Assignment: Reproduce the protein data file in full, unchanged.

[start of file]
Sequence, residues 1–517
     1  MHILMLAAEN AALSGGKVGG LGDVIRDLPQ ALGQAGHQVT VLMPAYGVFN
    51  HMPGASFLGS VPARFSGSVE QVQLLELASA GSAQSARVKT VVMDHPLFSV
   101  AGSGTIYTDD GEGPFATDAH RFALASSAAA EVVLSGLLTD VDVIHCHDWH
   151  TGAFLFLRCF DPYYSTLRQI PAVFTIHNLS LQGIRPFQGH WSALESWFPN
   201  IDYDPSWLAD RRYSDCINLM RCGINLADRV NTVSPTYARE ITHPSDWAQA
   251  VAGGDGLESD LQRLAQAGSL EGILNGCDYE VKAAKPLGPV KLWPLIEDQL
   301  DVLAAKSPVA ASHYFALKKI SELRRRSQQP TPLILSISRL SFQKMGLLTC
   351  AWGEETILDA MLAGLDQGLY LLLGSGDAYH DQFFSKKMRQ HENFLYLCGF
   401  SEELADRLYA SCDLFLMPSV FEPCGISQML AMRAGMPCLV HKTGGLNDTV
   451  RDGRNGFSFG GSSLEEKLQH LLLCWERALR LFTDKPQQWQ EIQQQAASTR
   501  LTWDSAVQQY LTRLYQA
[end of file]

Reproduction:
Sequence, residues 1–517
     1  MHILMLAAEN AALSGGKVGG LGDVIRDLPQ ALGQAGHQVT VLMPAYGVFN
    51  HMPGASFLGS VPARFSGSVE QVQLLELASA GSAQSARVKT VVMDHPLFSV
   101  AGSGTIYTDD GEGPFATDAH RFALASSAAA EVVLSGLLTD VDVIHCHDWH
   151  TGAFLFLRCF DPYYSTLRQI PAVFTIHNLS LQGIRPFQGH WSALESWFPN
   201  IDYDPSWLAD RRYSDCINLM RCGINLADRV NTVSPTYARE ITHPSDWAQA
   251  VAGGDGLESD LQRLAQAGSL EGILNGCDYE VKAAKPLGPV KLWPLIEDQL
   301  DVLAAKSPVA ASHYFALKKI SELRRRSQQP TPLILSISRL SFQKMGLLTC
   351  AWGEETILDA MLAGLDQGLY LLLGSGDAYH DQFFSKKMRQ HENFLYLCGF
   401  SEELADRLYA SCDLFLMPSV FEPCGISQML AMRAGMPCLV HKTGGLNDTV
   451  RDGRNGFSFG GSSLEEKLQH LLLCWERALR LFTDKPQQWQ EIQQQAASTR
   501  LTWDSAVQQY LTRLYQA